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The Dignity of Difference: How to Avoid the Clash of Civilizations
Sacks, Jonathan
Continuum, 2003
ISBN: 978-0-8264-6850-5


The year 2001 began as the United Nations Year of Dialogue between Civilizations. By its end, the phrase that came most readily to mind was 'the clash of civilizations.' The tragedy of September 11 intensified the danger caused by religious differences around the world. As the politics of identity begin to replace the politics of ideology, can religion become a force for peace? The Dignity of Difference is Rabbi Jonathan Sacks's radical proposal for reconciling hatreds. The first major statement by a Jewish leader on the ethics of globalization, it also marks a paradigm shift in the approach to religious coexistence. Sacks argues that we must do more than search for values common to all faiths; we must also reframe the way we see our differences.

About the Author

Sir Jonathan Sacks is Chief Rabbi of the United Hebrew Congregations of Britain and the Commonwealth. He is the author of numerous books, including Celebrating Life, From Optimism to Hope, The Persistence of Faith and The Dignity of Difference, for which he won a Grawemeyer Award in Religion.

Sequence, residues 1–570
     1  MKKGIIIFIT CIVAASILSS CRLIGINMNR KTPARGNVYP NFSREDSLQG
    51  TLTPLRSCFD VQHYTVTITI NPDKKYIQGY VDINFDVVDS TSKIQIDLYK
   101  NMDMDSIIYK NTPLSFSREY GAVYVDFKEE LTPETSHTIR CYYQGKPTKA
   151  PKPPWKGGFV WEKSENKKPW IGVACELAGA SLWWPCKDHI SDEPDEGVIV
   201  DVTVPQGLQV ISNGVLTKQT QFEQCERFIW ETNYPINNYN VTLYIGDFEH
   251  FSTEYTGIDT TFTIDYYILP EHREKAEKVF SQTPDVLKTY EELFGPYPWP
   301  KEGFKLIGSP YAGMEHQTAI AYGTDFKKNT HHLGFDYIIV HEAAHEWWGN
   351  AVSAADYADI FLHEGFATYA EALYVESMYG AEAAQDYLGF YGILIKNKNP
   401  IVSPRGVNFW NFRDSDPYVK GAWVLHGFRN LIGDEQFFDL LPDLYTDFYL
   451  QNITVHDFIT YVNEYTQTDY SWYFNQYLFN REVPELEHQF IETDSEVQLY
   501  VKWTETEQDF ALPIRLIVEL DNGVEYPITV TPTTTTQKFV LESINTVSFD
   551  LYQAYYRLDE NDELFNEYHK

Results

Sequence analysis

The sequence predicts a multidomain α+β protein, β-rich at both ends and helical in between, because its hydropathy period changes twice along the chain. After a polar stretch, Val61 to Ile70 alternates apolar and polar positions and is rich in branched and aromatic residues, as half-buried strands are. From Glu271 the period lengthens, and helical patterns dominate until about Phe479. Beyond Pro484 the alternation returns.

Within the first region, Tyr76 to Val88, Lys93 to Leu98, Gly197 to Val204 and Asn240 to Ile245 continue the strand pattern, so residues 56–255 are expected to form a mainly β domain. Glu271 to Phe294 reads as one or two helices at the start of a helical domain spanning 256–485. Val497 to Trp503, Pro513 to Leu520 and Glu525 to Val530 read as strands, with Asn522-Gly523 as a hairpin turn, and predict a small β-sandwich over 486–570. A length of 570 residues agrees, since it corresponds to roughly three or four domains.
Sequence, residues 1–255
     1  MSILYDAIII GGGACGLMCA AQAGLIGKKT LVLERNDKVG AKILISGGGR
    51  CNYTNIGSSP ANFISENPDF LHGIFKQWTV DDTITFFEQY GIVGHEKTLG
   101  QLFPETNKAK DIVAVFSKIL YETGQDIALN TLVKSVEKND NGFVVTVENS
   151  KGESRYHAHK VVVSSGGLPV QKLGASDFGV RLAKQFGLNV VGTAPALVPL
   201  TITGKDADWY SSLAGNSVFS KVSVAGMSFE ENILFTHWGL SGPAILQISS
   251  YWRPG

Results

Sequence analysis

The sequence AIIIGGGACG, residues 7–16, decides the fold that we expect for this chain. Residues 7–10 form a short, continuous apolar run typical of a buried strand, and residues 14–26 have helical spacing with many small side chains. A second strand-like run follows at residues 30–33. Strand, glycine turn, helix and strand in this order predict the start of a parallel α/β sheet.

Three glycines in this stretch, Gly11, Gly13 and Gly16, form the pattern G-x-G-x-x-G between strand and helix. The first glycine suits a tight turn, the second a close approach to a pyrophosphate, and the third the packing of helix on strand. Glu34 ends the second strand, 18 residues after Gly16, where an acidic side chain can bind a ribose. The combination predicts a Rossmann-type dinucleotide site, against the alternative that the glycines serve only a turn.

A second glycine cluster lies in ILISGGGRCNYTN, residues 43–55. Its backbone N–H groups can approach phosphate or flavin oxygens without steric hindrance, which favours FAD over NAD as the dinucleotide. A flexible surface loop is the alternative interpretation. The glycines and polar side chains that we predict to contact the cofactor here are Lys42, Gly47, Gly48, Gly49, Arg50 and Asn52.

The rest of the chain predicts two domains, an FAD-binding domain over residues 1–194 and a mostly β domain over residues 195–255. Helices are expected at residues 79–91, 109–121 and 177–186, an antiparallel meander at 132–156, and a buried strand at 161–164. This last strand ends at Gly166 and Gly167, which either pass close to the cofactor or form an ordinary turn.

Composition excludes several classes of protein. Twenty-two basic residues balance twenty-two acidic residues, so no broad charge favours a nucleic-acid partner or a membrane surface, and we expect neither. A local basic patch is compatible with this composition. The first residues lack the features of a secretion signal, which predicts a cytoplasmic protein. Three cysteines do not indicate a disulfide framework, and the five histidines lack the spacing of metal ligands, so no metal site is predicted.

Review

The chief rabbi of Britain and the Commonwealth, Sacks is well known through his appearances on British television and through his 12 books (e.g., A Letter in the Scroll). Americans will be taken with his incisive arguments and clear writing style. What he presents here is not a treatise on Jewish faith and customs but a look at the discontents of our world and how religious values can unite rather than divide us. Sacks sees certain values (e.g., education, responsibility, charity) as imperative to any new world order, regardless of one's religious beliefs. Though these values might seem self-evident, he shows how their absence causes much that is wrong. He further exhorts us to explore more covenantal relationships, which he defines as "a bond, not of interest and advantage, but of belonging" and sees as paramount to our survival-more so than commercial relationships, however essential they are to capitalist society. Throughout, Sacks makes reference to demanding philosophical thought, but he provides some much-needed spiritual uplift in this post-9/11 world, and his work is accessible to informed lay readers. Larger libraries should consider. [Paul Kaplan, Library Journal]